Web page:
Sun, Sept. 15

Verde Valley News Update: Cottonwood awarded $30,000 grant for DUI and traffic safety enforcement

Tod Moore

Tod Moore

COTTONWOOD – The Cottonwood Police Department recently received $30,000 in grant-in-aid funding from the Arizona Governor’s Office of Highway Safety for DUI and traffic safety enforcement.

According to a news release from Detective Sergeant Tod Moore, the grants were awarded Oct. 1 and will be funded through Sept. 30. The department will use $10,000 to fund officers’ overtime to conduct Selective Traffic Enforcement Patrols (STEP), said Cottonwood Police. These STEP’s focus on a variety of safety-related moving violations and traffic offenses. The remaining $20,000 will go to fund officers’ overtime to conduct more year-round DUI Saturation Patrols and Checkpoints, according to the release.

The goal of the selective enforcement and DUI patrols, said Sgt. Moore, are not only to locate violators of the law but to also increase public awareness and remind motorists of traffic laws, which serve a purpose to reduce and prevent vehicle accidents and fatalities.

-Jennifer Kucich

DPS awarded over $365,875 in federal grant funding for FY 2017

PHOENIX — The Arizona Department of Public Safety has received a total of $365,875 in federal grant monies for fiscal year 2017 from the Arizona Governor’s Office of Highway Safety (GOHS).

The Department will utilize the monies to help pay for overtime expenditures incurred during special details for DUI enforcement, DUI training, seat belt and child safety-seat enforcement, ground and air speed enforcement, and distracted driving enforcement, according to a release.

The Department will utilize a portion of the monies to purchase speed and DUI enforcement equipment.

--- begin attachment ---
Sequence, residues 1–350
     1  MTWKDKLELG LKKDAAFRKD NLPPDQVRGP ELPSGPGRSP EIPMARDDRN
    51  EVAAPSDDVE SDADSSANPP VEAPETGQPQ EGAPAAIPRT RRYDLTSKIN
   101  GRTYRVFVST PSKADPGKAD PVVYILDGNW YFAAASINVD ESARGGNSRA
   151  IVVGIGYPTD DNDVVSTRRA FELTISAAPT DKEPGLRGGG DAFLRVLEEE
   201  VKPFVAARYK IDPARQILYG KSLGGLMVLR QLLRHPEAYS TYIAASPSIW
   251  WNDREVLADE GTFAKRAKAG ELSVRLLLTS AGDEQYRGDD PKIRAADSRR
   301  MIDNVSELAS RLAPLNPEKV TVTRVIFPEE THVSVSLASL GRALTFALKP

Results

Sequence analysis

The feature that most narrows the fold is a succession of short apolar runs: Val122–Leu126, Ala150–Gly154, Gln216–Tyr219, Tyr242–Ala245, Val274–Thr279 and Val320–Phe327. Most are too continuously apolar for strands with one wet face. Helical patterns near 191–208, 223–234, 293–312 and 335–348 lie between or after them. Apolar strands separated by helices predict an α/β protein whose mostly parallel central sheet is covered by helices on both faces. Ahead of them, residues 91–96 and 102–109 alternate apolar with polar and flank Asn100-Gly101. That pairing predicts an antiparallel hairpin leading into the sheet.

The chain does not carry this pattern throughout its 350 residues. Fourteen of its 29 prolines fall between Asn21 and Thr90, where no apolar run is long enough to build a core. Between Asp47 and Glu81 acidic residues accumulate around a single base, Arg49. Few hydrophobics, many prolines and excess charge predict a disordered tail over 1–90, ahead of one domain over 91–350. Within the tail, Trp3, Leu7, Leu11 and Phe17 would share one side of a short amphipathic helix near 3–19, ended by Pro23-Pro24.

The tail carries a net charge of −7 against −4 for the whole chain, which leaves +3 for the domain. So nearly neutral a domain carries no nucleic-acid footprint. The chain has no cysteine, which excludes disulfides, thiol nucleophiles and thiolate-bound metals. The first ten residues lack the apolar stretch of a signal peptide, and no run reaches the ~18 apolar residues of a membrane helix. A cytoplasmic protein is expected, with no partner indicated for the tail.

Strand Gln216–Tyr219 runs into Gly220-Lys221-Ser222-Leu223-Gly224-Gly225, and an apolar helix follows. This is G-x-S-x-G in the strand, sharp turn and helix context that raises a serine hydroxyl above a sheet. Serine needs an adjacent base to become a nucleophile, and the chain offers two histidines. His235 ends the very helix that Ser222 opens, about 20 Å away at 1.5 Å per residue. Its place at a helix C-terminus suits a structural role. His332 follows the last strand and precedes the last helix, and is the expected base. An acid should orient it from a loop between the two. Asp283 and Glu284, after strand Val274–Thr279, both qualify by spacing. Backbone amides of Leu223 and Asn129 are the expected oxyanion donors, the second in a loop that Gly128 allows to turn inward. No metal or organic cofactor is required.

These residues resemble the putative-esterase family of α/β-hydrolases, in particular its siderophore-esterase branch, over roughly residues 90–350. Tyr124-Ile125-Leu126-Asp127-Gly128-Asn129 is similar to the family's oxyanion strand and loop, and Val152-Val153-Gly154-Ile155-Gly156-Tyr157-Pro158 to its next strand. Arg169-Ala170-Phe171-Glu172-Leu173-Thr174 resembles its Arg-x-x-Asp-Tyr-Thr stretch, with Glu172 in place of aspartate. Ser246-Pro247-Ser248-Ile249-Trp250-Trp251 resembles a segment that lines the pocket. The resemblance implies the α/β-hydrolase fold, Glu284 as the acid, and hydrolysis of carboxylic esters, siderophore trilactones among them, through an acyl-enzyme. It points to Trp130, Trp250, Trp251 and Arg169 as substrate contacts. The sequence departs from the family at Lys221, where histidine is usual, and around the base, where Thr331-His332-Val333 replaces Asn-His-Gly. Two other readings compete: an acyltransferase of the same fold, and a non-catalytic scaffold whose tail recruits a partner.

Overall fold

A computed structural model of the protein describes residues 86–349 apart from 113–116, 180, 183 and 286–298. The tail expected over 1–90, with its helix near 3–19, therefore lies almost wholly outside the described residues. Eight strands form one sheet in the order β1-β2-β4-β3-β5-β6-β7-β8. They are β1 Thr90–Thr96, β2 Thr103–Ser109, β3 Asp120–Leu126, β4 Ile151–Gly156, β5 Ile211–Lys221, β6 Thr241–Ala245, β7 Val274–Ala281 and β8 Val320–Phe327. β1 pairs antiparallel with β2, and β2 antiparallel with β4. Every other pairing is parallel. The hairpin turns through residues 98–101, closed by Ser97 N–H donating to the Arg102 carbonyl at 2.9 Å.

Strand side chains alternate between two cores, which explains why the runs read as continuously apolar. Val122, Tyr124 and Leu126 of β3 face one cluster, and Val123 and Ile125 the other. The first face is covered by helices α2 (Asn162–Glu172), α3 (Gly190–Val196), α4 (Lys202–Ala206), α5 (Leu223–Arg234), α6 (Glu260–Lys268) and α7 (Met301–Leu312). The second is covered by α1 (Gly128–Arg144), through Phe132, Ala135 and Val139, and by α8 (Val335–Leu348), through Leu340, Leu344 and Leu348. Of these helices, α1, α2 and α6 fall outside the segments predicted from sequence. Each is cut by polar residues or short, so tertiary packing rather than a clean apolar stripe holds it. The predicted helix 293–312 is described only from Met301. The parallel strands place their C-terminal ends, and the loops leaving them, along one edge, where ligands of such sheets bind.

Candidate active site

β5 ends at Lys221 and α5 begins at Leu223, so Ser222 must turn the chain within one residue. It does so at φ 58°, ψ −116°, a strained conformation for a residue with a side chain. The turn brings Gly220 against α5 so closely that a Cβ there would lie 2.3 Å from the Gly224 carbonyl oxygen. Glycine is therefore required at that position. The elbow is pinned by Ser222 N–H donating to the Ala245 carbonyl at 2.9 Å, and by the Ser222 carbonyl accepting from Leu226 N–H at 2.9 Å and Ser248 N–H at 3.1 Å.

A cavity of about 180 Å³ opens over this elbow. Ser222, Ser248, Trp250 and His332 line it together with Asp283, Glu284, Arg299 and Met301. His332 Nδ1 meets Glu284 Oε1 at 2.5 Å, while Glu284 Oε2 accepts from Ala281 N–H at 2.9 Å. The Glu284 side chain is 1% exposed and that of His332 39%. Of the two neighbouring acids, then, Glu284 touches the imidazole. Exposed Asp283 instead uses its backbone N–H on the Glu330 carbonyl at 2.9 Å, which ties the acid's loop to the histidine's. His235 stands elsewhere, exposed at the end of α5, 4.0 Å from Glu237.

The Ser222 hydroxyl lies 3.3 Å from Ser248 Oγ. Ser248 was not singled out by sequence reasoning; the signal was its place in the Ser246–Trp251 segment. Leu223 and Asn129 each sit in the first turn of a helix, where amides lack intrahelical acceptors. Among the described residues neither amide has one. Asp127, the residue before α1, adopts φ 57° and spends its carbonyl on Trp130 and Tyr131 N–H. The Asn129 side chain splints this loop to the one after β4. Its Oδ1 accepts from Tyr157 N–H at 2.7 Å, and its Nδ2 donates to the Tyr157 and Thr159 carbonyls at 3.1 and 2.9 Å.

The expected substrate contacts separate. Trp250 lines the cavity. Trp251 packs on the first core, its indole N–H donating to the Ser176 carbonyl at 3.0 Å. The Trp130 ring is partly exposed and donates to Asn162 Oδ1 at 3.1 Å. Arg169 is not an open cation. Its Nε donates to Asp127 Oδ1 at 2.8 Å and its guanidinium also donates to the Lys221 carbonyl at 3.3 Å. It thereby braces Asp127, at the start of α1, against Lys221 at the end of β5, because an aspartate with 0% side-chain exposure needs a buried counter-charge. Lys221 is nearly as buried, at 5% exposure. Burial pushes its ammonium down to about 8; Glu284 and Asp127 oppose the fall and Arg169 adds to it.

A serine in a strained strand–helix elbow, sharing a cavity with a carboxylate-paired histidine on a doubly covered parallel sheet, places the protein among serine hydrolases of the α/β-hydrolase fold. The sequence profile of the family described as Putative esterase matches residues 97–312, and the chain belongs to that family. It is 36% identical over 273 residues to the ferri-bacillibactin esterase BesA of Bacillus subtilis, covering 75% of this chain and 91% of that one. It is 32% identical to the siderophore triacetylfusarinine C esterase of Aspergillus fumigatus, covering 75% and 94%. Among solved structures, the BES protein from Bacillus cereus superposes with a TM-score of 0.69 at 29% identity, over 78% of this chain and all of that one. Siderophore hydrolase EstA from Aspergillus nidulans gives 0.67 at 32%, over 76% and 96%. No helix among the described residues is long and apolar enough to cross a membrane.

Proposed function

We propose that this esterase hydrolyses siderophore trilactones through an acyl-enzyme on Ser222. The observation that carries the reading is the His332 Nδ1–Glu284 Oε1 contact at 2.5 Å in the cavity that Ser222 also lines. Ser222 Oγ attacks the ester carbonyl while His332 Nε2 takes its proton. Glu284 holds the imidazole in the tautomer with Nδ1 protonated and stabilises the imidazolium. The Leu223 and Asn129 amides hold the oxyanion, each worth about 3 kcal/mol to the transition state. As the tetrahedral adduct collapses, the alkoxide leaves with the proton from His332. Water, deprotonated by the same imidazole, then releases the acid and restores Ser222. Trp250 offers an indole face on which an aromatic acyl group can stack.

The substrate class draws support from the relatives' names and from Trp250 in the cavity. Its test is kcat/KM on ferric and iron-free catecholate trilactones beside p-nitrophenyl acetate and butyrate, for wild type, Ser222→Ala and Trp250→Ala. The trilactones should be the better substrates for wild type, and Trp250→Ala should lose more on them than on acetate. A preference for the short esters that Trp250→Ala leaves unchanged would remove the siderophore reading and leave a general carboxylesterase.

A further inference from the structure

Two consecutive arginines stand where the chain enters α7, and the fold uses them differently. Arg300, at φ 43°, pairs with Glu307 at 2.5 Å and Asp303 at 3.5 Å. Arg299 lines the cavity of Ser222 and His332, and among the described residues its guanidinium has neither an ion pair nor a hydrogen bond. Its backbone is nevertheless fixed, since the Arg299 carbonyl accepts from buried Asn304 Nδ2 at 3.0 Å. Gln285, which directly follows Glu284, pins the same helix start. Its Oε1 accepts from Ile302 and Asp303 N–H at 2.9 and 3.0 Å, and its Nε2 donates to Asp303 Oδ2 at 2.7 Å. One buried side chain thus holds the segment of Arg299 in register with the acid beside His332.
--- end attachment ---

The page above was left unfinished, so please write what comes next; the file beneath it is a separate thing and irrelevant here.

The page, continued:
AZDPS Assistant Director, Lt. Col. Daniel Lugo said, “We thank GOHS Director Alberto Gutier and GOHS for their continued partnership in the promotion of highway and public safety through education and enforcement.”

-Jennifer Kucich

ADOT: ‘Quick Clearance’ keeps motorists, emergency responders safe, traffic moving

PHOENIX – There is the misconception that a driver should stay put after a fender bender. Arizona Department of Transportation says that is dangerous, and creates hazardous slowing and lane changes for all drivers; it also increases the risk for emergency responders.

ADOT and the Department of Public Safety wants the public to know about the practice of Quick Clearance. In this practice, drivers involved in minor crashes that don’t involve injuries get their vehicles out of the travel lanes as soon as it is safe to do so, said ADOT.

A vehicle crash occurs almost every five minutes in Arizona, and ADOT said everyone should know how to best stay safe following a minor, non-injury collision.

Reasons for practicing Quick Clearance begin with a state law that requires a driver involved in a minor crash without injuries to remove a vehicle from the roadway if it is operable and can be moved safely. Doing this is safer for drivers involved in the crash, fellow motorists and emergency responders, stated a news release from ADOT.

Of the 29 DPS troopers killed in the line of duty, 11 were struck and killed in secondary crashes on state highways.

-Jennifer Kucich